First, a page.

4. After a week the exclusion device can be removed and the hole sealed.

Why is that woodpecker hammering on my house?

Woodpeckers go after houses as an alternative to increasingly rare dead trees. Sometimes woodpeckers are looking for a place to make a roosting or nesting hole identified by the woodpecker digging a hole several inches across and pulling out insulation. A second reason for woodpeckers to repeatedly bang on the side of the house is to declare territory, this is called drumming and woodpeckers even do it to aluminum siding. The most common reason is the woodpeckers are looking for food, identified by several small holes often near the eves. Cedar siding provides great places for solitary bees and beetles to nest and can be attractive carpenter ants making it a smorgasbord for the woodpeckers. Even if there are no insects the sound of electric current running through the walls can deceive the woodpecker into thinking baby wasps are buried beneath the surface.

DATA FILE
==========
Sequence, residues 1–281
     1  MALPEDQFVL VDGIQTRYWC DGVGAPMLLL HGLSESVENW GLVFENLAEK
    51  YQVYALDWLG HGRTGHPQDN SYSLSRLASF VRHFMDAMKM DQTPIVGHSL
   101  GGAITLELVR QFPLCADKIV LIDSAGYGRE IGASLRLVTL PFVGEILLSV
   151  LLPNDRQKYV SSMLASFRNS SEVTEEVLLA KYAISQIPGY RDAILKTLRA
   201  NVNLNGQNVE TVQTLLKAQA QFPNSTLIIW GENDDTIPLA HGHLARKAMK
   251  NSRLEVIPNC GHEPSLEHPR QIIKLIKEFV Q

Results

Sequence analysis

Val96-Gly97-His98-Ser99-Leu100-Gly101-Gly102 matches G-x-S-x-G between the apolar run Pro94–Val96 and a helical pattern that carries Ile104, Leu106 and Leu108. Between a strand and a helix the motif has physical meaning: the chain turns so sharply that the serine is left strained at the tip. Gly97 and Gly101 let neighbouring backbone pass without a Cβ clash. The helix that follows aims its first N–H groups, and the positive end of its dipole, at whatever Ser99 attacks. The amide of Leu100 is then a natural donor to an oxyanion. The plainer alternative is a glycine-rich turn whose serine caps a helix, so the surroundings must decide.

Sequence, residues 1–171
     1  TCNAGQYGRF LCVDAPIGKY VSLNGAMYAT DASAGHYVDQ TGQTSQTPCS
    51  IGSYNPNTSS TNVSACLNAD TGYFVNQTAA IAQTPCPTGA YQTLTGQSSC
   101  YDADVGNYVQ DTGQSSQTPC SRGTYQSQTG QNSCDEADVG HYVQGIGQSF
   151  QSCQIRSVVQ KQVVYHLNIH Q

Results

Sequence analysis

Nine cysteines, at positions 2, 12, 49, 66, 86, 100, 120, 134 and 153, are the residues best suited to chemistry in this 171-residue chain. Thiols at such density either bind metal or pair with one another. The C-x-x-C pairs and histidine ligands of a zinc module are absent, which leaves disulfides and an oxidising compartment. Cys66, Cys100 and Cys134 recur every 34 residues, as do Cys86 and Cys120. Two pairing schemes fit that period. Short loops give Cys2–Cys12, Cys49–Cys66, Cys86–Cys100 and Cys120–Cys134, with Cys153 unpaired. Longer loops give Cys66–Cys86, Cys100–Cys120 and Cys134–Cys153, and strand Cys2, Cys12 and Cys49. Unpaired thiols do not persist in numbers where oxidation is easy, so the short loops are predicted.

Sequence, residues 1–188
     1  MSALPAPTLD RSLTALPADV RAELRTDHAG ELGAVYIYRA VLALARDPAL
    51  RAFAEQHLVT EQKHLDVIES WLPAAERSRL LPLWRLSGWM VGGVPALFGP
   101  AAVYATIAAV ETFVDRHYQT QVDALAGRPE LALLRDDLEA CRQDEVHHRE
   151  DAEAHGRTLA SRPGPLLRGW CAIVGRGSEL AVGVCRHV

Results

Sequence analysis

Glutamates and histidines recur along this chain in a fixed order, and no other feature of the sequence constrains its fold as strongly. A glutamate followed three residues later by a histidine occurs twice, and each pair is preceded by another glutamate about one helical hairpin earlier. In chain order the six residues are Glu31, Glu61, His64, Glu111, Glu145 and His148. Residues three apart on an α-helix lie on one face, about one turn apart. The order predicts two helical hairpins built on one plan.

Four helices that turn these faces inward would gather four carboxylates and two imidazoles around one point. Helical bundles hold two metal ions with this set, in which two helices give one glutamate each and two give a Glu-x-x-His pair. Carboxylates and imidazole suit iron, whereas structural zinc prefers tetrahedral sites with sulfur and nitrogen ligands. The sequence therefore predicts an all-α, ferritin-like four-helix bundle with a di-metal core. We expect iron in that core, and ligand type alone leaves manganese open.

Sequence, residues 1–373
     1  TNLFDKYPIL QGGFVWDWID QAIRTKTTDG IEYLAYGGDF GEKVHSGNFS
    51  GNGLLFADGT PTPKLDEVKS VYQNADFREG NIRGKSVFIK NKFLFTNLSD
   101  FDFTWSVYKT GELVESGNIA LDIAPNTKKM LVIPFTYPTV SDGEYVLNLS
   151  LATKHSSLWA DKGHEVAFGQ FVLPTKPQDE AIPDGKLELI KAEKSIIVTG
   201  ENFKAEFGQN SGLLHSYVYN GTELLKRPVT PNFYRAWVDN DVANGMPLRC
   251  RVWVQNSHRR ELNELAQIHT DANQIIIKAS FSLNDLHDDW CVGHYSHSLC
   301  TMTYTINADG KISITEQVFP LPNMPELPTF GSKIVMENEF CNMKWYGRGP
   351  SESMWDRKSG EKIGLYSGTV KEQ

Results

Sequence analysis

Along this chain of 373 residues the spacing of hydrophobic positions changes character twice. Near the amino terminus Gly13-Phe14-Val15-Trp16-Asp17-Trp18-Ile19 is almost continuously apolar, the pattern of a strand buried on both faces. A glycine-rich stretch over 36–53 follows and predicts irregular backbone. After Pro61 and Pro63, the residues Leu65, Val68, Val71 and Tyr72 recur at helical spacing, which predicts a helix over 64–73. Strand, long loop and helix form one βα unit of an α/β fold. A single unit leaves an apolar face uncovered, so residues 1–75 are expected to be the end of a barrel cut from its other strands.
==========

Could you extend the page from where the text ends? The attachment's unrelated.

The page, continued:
So what can you do to protect your house and discourage woodpeckers?

  1. You may not kill the woodpecker - it is illegal.
  2. Woodpeckers are skittish birds and can often be discouraged from areas by hanging strips of shiny metallic party streamers so that they blow in the wind.
  3. Repair or fill with wood putty any existing holes to prevent visual clues.
  4. Bird netting or screen tacked at least one inch from the wood surface can be hung in areas where woodpeckers are persistent.
  5. Hanging a nest box may discourage woodpeckers from making large roosting holes but may increase feeding holes.

How do I help an orphaned animal?